E.P.A., 599 F. Supp. 69, 73-74 (C.D. Cal. 1984).
The mandatory nature of treble damages under the Spill Act does not alone cause the statute to violate due process. Mandatory treble damages is a common enforcement mechanism. See, e.g., Cantor v. Detroit Edison Co., 428 U.S. 579, 599 n.39, 49 L. Ed. 2d 1141, 96 S. Ct. 3110 (1976) (Sherman Antitrust Act).
5. Lack of Pre-Enforcement Review
The Spill Act does not permit judicial review of DEP cleanup directives prior to enforcement of such orders or the initiation of a cost recovery action by DEP. Ordinarily, due process requires some kind of a hearing prior to deprivation of a significant property interest. Parratt v. Taylor, 451 U.S. 527, 540, 68 L. Ed. 2d 420, 101 S. Ct. 1908 (1981). Nevertheless, "due process is flexible and calls for such procedural protections as the situation demands." Morrissey v. Brewer, 408 U.S. 471, 481, 33 L. Ed. 2d 484, 92 S. Ct. 2593 (1972). Accordingly, summary adjudications are justified in appropriate circumstances involving emergency situations or serious danger to public safety. Hodel v. Virginia Surface Mining & Reclamation Association, 452 U.S. 264, 299-300, 69 L. Ed. 2d 1, 101 S. Ct. 2352 (1981). For instance, postponement of notice and a hearing has been found to be consistent with due process when necessary to protect the public from the drug trade, Calero-Toledo v. Pearson Yacht Leasing Co., 416 U.S. 663, 40 L. Ed. 2d 452, 94 S. Ct. 2080 (1974), bank failures, Coffin Bros. & Co. v. Bennett, 277 U.S. 29, 72 L. Ed. 768, 48 S. Ct. 422 (1928), or the delinquent submission of tax returns, Phillips v. Commissioner, 283 U.S. 589, 75 L. Ed. 1289, 51 S. Ct. 608 (1931). Several recent decisions in this district have sustained provisions of CERCLA which deny judicial review of EPA cleanup orders prior to the initiation of a cost recovery action. See, e.g., Wheaton v. EPA, 23 ERC (BNA) 1134, 15 ELR 20959, Civ. No. 84-4330, slip op. (D.N.J. July 11, 1985); Lone Pine Steering Committee v. EPA, 600 F. Supp. 1487 (D.N.J. 1985); Earthline Co. v. Kin-Buc, In., Civ. No. 83-4226, slip op. (D.N.J. July 23, 1984). But cf. Industrial Park Development Corp. v. EPA, 604 F. Supp. 1136, 22 ERC 1593, 1598 (E.D. Pa. 1985) (Criticizing lack of pre-enforcement review of various administrative orders under CERCLA). Pre-enforcement review of certain administrative orders is also unavailable under other federal environmental statutes. See, e.g., Hodel v. Virginia Surface Mining & Reclamation Administration, supra.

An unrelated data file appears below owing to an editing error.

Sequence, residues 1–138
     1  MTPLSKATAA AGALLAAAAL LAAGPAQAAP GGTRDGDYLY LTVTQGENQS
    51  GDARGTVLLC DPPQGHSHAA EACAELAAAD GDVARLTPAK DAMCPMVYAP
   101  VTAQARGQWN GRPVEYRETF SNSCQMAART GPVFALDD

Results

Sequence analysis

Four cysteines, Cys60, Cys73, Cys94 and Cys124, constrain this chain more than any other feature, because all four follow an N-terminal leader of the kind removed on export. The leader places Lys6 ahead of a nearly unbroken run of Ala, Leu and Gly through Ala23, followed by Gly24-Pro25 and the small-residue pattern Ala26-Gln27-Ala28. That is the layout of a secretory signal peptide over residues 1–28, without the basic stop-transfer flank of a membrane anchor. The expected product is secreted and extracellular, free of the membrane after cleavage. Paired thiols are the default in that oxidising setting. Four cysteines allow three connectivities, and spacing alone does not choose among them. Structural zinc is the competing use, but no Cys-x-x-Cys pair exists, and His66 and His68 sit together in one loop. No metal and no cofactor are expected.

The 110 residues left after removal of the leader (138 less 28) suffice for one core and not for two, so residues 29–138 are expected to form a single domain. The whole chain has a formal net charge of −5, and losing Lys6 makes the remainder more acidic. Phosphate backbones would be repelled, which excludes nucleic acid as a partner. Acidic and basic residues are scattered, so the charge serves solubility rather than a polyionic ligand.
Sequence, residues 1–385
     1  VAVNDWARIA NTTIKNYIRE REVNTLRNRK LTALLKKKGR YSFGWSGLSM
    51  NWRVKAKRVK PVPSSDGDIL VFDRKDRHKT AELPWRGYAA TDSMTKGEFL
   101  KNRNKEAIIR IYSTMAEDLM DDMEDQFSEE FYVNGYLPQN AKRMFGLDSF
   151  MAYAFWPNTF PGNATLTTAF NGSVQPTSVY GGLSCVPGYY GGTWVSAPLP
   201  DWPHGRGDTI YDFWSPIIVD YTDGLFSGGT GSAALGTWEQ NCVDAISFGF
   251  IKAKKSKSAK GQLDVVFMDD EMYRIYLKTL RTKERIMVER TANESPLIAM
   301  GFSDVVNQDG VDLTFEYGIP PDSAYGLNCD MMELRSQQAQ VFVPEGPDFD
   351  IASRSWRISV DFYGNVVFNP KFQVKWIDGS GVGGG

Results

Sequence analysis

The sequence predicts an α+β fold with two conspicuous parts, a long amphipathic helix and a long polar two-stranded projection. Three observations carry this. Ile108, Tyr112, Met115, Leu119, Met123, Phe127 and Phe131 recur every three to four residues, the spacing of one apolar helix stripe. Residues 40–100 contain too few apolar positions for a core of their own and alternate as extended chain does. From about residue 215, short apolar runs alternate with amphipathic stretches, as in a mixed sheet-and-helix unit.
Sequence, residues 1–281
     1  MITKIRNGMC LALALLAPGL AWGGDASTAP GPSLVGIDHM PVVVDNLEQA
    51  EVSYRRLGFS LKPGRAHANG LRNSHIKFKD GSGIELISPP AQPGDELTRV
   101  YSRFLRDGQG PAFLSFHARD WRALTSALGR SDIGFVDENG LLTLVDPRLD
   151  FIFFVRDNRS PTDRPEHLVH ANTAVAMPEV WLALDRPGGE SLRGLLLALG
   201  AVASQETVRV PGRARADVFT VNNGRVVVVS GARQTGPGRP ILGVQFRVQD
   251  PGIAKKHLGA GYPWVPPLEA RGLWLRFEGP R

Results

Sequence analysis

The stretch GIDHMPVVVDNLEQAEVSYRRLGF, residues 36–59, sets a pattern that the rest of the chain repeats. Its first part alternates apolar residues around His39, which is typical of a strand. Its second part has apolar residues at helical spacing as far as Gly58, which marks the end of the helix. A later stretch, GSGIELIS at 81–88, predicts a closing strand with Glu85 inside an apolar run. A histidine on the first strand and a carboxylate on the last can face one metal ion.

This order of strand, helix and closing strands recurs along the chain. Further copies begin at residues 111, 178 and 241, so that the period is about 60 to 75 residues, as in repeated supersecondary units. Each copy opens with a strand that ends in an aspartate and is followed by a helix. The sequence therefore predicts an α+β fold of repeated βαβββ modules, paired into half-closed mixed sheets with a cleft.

Plaintiffs do not object to the Spill Act's denial of pre-enforcement review of DEP directives per se. Rather, plaintiffs contend that the combined effect of the absence of pre-enforcement review, the lack of an alternative means of contesting alleged responsibility for discharges and the threat of treble damages for noncompliance with DEP orders constitutes unconstitutional coercion. The court will now proceed to examine defendants' claim that plaintiffs have an alternative remedy available which allows them to avoid the risk of treble damages.
6. The Spill Fund
The Spill Act provides for the establishment of the New Jersey Spill Compensation Fund ("Spill Fund"). Among other things, the Spill Fund is intended to reimburse parties injured by unlawful discharges. N.J.S.A. 58:10-23.11i. The Spill Fund is financed by a tax on the shipment of petroleum and chemical products within the state. N.J.S.A. 58:10-23.11h. Claims must be filed by an injured party "not later than one year after the date of discovery of damage." N.J.S.A. 58:10-23.11k.
Spill Fund claimants are encouraged to seek reimbursement from the party responsible for the discharge, N.J.S.A. 58:10-23.11l; however, if such efforts prove unsuccessful, parties may apply to the Spill Fund for compensation. The Administrator of the Spill Fund is authorized to settle all claims against the Spill Fund, N.J.S.A. 58:10-23.11m, and to convene boards of arbitration to resolve disputes over reimbursement. N.J.S.A. 58:10-23-11n. Decisions of the Board are final, and judicial review of such decisions is available before the Appellate Division of the Superior Court. N.J.S.A. 58:10-23.11n(g).
Defendants contend that under the Spill Act, plaintiffs can avoid treble damages for cleanup costs by (a) complying with the Directives, and (b) filing a claim against the Spill Fund pursuant to N.J.S.A. 58:10-23.11g(a) and 58:10-23.11k, and then (c) contesting liability before an arbitration board. If necessary, plaintiffs may seek judicial review of an adverse result. Defendants' Brief at 21-22.
Plaintiffs respond that defendants "ignore the reality that under the facts in this case plaintiffs are precluded from bringing a claim against the Spill Fund for reimbursement." Plaintiffs' Reply Brief at 4. According to plaintiffs, several aspects of the Spill Fund scheme render it useless to them as a means to challenge the DEP's Directives.